Airbnb awaits Berlin ruling on legality of home sharing –

A Berlin court is due to make a landmark ruling with ramifications for home rental companies like Airbnb on Wednesday, June 8, when it decides whether landlords can commit to short-term rentals.

Several colocation companies filed a complaint against an effective ban on such rentals in Berlin during the first substantive challenge to such urban legislation in Europe.

People who rent their accommodation in the German capital for periods of less than two months are liable to fines of up to € 100,000. Although homeowners can apply for a permit, city officials have said they will reject 95% of applications.

The Berlin showdown comes a week after the European Commission warned member states against erecting roadblocks or even outright bans on the emergence of a ‘sharing economy’ in everything from apartments to local rides, enforcing laws that are decades or even centuries old.

EU warns governments against banning Uber and Airbnb

Services like the Uber ridesharing app and home rental site Airbnb should only be banned as a last resort, the European Commission said on Thursday (June 2), as it seeks to foster the development of “the sharing economy “.

Airbnb and other home-sharing companies, such as Rocket Internet’s Wimdu, have sought legal advice from the former head of the Berlin City Constitutional Court following the Berlin crackdown. Helge Sodan ruled the new regulation unconstitutional and drafted the complaint.

Airbnb, whose website lists 11,700 apartments in Berlin, has not joined the group as a plaintiff, but a company spokesperson said the verdict would impact Airbnb’s business and that ‘he was watching closely.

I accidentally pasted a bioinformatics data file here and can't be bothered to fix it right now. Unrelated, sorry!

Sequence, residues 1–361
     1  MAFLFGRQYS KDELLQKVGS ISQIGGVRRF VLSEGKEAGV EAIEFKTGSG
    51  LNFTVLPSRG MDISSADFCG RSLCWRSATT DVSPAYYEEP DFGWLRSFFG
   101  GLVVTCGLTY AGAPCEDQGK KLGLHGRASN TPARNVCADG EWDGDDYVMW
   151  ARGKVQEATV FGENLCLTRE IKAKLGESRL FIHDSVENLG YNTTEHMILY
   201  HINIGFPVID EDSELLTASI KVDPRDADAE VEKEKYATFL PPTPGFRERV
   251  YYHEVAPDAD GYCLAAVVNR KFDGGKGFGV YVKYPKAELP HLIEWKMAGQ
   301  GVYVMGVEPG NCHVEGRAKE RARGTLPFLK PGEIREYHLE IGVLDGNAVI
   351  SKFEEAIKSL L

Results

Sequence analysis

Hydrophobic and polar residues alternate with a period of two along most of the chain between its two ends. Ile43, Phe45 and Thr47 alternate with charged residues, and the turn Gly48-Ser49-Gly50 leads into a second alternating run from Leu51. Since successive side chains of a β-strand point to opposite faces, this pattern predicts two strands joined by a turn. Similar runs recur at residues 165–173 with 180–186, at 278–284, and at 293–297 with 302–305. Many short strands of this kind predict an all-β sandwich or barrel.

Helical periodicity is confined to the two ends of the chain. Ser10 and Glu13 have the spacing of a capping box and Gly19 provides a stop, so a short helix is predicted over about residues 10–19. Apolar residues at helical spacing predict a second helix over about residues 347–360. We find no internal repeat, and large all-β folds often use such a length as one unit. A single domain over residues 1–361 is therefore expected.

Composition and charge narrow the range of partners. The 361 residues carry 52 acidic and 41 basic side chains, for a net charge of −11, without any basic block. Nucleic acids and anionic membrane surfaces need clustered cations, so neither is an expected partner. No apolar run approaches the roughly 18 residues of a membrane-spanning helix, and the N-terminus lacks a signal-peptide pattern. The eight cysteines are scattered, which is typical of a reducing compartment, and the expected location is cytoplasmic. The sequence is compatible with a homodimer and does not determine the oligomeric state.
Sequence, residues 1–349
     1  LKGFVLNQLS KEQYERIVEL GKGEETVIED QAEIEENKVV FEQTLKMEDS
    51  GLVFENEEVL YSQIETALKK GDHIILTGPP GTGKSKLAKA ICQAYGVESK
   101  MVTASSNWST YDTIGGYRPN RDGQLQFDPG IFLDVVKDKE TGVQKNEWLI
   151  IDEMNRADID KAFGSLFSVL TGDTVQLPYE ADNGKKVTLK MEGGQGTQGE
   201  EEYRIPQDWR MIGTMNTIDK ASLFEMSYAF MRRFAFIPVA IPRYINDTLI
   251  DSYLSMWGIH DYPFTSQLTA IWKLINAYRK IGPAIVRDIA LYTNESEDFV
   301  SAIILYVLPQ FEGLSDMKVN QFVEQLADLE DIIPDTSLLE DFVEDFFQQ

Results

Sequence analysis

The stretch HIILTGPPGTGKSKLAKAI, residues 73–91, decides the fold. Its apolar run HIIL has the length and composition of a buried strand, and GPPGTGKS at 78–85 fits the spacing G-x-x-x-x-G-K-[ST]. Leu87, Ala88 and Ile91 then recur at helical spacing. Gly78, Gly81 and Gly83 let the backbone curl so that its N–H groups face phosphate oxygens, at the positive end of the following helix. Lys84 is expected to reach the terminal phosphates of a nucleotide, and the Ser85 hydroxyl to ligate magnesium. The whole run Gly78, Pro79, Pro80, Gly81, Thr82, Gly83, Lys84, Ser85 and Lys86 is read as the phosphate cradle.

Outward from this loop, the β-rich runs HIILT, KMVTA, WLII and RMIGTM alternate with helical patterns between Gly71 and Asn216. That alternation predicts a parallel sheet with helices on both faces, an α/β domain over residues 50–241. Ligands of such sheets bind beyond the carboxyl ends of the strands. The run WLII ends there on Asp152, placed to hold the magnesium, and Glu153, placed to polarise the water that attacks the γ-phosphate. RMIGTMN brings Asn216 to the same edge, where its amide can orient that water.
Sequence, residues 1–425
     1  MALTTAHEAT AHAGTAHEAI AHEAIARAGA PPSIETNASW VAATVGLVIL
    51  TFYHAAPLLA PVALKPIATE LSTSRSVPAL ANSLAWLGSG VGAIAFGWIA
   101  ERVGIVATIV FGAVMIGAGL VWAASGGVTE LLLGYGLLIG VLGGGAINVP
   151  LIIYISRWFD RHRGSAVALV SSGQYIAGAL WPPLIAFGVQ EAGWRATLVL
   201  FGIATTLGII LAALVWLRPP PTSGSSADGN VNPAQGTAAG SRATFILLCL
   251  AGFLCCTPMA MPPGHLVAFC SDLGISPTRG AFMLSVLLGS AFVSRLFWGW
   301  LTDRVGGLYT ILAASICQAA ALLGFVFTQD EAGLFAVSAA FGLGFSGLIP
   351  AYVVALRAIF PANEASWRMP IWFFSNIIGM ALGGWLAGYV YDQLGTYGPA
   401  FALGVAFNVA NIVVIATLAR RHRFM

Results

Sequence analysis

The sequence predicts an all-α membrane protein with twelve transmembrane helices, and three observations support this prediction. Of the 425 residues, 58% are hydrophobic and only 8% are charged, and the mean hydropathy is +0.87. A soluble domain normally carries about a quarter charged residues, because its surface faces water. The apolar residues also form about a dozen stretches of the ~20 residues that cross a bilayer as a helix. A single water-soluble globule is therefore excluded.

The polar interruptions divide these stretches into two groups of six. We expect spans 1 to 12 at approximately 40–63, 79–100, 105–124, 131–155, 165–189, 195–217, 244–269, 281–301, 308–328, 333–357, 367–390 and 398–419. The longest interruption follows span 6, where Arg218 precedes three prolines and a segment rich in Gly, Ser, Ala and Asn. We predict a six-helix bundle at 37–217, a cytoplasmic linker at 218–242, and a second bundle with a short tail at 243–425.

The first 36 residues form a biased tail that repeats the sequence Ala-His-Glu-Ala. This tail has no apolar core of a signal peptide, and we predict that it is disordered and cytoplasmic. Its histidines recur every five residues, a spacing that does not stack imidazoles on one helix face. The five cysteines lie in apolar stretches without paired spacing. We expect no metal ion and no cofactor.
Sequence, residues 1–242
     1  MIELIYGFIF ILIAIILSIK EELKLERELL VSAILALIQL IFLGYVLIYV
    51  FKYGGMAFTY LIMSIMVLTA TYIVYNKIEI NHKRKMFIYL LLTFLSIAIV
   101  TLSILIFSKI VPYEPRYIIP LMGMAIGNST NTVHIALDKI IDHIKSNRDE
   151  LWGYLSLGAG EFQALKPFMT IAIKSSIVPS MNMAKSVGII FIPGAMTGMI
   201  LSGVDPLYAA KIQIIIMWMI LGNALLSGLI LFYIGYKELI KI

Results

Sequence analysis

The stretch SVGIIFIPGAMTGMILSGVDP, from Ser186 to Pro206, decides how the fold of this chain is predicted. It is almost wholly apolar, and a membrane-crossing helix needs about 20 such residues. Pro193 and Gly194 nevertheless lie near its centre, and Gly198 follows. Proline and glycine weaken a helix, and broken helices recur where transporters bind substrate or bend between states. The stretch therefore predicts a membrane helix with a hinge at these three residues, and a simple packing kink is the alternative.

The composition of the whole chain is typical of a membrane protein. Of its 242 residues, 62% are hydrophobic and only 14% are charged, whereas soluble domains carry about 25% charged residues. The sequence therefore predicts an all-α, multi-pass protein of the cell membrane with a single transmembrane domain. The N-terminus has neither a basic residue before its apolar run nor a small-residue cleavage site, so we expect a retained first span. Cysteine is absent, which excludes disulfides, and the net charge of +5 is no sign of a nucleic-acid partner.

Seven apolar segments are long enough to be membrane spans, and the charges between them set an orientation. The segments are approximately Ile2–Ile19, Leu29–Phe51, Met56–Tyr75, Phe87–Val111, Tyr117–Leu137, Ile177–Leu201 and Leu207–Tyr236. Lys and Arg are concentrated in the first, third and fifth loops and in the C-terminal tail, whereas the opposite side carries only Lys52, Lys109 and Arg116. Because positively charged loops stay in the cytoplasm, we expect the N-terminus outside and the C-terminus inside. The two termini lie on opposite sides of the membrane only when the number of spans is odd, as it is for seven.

Berlin authorities estimate that a total of 15,000 apartments have been withdrawn from the city’s rental market to be operated as businesses housing tourists. City officials say rising rents and a severe housing shortage have left them with no choice but to impose the measures.

Home rental groups say the city is using the new legislation to whitewash structural housing issues, turning short-term roommates into scapegoats.

While a positive verdict does not have binding legal consequences for other jurisdictions, experts expect it to have repercussions across Europe as cities attempt to balance the interests of the world. the travel and tourism industry with those tenants who fear increased rents.

“Cities are watching each other closely to see what kinds of regulations are possible and the Berlin verdict will surely have an impact on the behavior of other cities,” said Gracia Vara Arribas, a lawyer who has advised the EU on the sharing economy.

EU is moving towards a uniform sharing economy policy

The European Commission will call on member states to review and amend legislation, if necessary, to end the fragmentation facing Uber, Airbnb and other collaborative platforms in Europe, has learned.

National and local authorities in the EU are responding to the sharing economy with a patchwork of different regulatory actions. For the European Commission and the Dutch Presidency of the Council, this fragmented approach creates uncertainty for traditional operators, new service providers and consumers, hampering the development of this innovative source of growth.

Since autumn 2015, the Commission has promised a balanced approach to the collaborative economy, ensuring legal certainty, strengthening consumer confidence, maximizing its growth potential and at the same time avoiding potential abuses.

A majority of college members see Uber-type companies as an opportunity and an opportunity for which Europe must find the right answer.

“Once we have new innovations, like Uber-like business innovations, we need to be ready to revamp our old regulatory environment,” Katainen told reporters in Washington last March.

  • June 2: The European Commission has published a set of non-binding guidelines on the sharing economy.
  • End of 2016: Judgment of the European Court of Justice on Uber’s activities in Spain.

Comments are closed.